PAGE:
Model for the roles of PhoP, PhoR, and Spo0A in Pho regulon regulation. Arrowheads indicate positive regulation. Vertical bars indicate negative regulation. Factor X, factor Y, and factor Z are hypothetical intermediates, indicating (via dashed lines) that Spo0A∼P regulation on transcription may be indirect or possibly affect phosphorylation of PhoP (factor Z). Arrows with solid lines identify promoters believed to require PhoP∼P for induction. Solid lines with bars identify negative regulation by Spo0A or AbrB. PhoP (response regulator); PhoR (histidine kinase); Spo0A (response regulator); AbrB (repressor of many postexponentially expressed genes). Genes regulated by Spo0A and/or AbrB are not limited to those shown.

Citation: Hulett F. 1995. Complex Phosphate Regulation by Sequential Switches in , p 289-302. In Hoch J, Silhavy T (ed), Two-Component Signal Transduction. ASM Press, Washington, DC. doi: 10.1128/9781555818319.ch18
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Image of FIGURE 3
FIGURE 3

Model for ResD/E regulation of genes involved in respiration and in Pho regulon regulation. Arrowheads indicate positive regulation. An arrow with a solid line indicates that the upstream gene product may act directly. Arrows with dashed lines identify proposed regulation. Flat arrowheads indicate negative regulation. ResD (response regulator); ResE (sensor-histidine kinase); Spo0A (response regulator); PhoP (response regulator); PhoR (sensor-histidine kinase); factor Z (hypothetical activation factor involved in transfer of phosphate from PhoR∼P to PhoP). Working model suggests that Spo0A and ResD are antagonist in the regulation of factor Z? Additional, proposed but not yet identified, histidine kinases are marked with a question mark (?).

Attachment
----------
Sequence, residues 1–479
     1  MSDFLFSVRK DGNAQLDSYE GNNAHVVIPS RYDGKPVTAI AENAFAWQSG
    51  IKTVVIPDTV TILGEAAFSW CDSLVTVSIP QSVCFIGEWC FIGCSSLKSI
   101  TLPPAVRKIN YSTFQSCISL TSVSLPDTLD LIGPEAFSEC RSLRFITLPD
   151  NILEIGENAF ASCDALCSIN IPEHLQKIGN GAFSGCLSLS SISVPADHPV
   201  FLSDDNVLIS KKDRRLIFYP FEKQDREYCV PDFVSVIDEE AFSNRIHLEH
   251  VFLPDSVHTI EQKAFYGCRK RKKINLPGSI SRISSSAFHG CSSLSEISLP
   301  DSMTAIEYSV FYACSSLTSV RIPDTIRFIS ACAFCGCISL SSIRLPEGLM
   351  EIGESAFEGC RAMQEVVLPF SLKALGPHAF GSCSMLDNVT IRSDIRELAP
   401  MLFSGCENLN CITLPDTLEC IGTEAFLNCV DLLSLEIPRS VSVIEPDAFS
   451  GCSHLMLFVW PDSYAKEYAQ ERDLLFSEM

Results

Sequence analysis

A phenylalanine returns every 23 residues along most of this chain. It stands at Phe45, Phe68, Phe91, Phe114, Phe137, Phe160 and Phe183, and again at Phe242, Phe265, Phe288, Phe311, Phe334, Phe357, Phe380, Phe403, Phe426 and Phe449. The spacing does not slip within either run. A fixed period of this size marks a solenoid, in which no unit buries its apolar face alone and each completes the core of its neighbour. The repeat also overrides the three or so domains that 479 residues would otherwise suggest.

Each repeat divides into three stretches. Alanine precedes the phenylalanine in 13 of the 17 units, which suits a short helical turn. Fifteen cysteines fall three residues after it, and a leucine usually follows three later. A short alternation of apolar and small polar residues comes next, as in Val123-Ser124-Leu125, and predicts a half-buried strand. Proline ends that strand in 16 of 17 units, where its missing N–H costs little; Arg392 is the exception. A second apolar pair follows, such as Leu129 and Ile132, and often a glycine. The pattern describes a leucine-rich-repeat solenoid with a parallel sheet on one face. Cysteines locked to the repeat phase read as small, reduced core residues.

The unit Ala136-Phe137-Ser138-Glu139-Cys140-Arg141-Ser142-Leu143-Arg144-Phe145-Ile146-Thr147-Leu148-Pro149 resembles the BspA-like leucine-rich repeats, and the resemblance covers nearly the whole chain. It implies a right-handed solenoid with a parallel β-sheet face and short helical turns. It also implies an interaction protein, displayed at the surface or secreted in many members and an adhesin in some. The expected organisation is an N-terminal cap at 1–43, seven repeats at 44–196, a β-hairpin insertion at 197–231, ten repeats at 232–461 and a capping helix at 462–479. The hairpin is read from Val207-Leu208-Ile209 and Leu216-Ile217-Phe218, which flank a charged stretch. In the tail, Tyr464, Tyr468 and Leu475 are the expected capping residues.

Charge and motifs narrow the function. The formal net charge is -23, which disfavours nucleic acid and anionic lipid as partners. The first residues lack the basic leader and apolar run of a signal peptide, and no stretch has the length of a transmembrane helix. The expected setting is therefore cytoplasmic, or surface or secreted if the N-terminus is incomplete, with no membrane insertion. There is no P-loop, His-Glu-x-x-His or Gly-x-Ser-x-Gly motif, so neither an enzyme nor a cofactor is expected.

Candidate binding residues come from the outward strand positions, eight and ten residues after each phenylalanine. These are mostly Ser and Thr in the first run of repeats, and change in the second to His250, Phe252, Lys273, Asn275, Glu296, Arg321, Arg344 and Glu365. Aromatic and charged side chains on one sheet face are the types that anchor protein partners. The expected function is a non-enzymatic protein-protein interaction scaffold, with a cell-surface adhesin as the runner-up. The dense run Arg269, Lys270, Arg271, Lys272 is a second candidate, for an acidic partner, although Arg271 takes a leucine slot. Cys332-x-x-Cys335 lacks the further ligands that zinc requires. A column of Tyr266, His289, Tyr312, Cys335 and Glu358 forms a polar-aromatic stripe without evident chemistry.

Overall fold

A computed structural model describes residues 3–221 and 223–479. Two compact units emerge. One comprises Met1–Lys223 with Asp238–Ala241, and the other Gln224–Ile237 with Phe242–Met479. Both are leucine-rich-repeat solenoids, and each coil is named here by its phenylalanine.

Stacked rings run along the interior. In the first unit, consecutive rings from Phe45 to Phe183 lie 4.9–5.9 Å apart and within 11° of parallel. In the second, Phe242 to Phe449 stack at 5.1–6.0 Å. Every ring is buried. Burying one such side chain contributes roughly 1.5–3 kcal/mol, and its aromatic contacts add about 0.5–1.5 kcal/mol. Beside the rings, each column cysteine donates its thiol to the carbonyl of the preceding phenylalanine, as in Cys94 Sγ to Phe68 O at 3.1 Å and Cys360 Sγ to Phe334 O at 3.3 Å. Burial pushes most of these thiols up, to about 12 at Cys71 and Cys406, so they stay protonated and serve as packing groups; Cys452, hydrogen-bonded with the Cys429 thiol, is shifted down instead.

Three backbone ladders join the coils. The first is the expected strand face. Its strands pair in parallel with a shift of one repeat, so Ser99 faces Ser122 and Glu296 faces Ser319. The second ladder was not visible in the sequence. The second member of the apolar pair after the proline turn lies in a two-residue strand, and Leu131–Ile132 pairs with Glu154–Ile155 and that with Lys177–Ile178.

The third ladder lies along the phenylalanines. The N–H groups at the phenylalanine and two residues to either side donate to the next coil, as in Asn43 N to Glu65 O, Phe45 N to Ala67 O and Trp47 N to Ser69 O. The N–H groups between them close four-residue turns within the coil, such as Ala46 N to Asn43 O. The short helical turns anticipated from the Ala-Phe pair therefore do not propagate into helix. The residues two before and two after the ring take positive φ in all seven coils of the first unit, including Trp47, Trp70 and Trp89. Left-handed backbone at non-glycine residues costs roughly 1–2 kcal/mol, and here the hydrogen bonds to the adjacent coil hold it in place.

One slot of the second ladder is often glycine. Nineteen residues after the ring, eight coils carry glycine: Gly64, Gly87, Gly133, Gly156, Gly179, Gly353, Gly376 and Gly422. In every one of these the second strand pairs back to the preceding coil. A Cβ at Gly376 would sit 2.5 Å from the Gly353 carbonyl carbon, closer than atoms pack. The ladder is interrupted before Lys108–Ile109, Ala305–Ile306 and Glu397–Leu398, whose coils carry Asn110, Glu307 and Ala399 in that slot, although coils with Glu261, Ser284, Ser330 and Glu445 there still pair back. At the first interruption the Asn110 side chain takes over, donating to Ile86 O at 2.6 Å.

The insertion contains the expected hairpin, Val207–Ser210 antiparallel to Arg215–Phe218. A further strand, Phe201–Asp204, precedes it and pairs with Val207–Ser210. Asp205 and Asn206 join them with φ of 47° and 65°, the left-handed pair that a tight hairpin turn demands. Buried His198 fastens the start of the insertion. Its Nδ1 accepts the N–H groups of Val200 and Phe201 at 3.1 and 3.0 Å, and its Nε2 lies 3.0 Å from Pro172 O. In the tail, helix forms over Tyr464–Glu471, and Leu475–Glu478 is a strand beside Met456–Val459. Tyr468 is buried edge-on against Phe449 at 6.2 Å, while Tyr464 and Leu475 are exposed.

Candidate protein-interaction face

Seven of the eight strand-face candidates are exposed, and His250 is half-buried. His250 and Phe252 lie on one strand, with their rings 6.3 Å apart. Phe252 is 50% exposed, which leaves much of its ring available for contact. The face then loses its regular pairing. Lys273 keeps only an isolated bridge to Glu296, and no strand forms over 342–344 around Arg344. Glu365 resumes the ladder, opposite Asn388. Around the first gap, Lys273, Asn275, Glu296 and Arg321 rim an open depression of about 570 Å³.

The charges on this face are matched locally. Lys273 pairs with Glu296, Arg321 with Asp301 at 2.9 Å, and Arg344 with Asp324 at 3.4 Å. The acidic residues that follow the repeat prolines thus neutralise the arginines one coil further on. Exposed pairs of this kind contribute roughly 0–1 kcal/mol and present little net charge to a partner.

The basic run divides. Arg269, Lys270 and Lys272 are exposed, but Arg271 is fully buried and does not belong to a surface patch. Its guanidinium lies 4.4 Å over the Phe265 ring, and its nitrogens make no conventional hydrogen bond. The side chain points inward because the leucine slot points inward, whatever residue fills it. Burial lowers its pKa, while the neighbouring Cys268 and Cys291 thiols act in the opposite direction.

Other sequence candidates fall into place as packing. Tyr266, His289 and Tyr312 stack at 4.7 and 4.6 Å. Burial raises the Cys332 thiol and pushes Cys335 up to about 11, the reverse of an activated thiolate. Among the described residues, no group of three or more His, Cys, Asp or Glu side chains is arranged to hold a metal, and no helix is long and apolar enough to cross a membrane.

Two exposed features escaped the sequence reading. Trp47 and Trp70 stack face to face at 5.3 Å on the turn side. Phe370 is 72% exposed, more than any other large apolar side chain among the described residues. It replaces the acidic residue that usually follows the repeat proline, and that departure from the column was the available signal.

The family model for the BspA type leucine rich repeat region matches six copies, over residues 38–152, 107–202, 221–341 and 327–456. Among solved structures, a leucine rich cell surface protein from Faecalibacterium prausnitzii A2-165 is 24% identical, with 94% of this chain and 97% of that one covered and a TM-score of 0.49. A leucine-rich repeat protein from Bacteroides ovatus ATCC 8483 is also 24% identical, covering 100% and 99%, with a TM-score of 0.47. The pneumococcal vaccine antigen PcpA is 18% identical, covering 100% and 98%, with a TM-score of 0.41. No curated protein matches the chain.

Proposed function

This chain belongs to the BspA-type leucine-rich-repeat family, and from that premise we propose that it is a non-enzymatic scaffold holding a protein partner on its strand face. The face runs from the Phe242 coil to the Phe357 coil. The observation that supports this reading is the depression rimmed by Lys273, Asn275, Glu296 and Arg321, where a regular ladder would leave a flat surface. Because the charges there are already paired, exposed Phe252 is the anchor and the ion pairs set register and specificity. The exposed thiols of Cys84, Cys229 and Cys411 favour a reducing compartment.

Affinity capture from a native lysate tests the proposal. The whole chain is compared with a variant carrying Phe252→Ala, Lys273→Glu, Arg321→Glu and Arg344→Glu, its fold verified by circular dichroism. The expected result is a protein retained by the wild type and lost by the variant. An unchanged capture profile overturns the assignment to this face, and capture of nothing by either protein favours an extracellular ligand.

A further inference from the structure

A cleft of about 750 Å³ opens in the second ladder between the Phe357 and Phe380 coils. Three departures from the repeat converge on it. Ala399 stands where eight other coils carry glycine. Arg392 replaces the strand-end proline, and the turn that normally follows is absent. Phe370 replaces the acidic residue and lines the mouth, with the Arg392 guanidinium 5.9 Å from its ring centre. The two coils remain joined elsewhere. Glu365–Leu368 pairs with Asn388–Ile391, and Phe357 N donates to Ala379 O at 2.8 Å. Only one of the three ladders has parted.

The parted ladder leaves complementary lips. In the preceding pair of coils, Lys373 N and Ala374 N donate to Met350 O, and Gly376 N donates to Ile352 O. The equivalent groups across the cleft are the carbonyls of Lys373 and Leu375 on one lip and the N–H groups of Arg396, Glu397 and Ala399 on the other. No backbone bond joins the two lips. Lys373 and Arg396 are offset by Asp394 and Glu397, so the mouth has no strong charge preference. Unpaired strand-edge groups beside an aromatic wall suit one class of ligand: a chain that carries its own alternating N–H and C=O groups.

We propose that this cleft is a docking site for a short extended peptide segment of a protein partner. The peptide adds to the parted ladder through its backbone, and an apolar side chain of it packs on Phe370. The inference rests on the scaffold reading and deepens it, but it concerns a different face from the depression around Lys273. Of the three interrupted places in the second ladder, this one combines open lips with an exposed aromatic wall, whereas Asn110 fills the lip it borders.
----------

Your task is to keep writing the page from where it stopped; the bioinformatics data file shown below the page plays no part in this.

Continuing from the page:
Citation: Hulett F. 1995. Complex Phosphate Regulation by Sequential Switches in , p 289-302. In Hoch J, Silhavy T (ed), Two-Component Signal Transduction. ASM Press, Washington, DC. doi: 10.1128/9781555818319.ch18
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Image of FIGURE 4
FIGURE 4

Deletion derivatives of promoter. The numbering of the promoter fragments is identical to that in . S represents the sporulation-specific promoter region (P), whereas V represents the phosphate starvation-inducible (P) promoter region. The translation start site is indicated by +1. The full-length promoter (P+P) and each promoter fragment containing a single promoter, P or P, were cloned into pDH32; the plasmid was linearized and transformed into MB24 and MB24 derivative strains used in Table 2 . Chloramphenicol-resistant transformants were selected and screened for an phenotype.

Citation: Hulett F. 1995. Complex Phosphate Regulation by Sequential Switches in , p 289-302. In Hoch J, Silhavy T (ed), Two-Component Signal Transduction. ASM Press, Washington, DC. doi: 10.1128/9781555818319.ch18
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References

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Tables

Generic image for table
TABLE 1

Regulation of Pho regulon genes by Pho, Spo, and Res two-component signal transduction systems

Citation: Hulett F. 1995. Complex Phosphate Regulation by Sequential Switches in , p 289-302. In Hoch J, Silhavy T (ed), Two-Component Signal Transduction. ASM Press, Washington, DC. doi: 10.1128/9781555818319.ch18
Generic image for table
TABLE 2

mutations do not bypass a or block of sporulation APase (P) expression but result in expression of the operon and a Pho regulon promoter, P, under phosphate-replete, sporulation induction conditions

Citation: Hulett F. 1995. Complex Phosphate Regulation by Sequential Switches in , p 289-302. In Hoch J, Silhavy T (ed), Two-Component Signal Transduction. ASM Press, Washington, DC. doi: 10.1128/9781555818319.ch18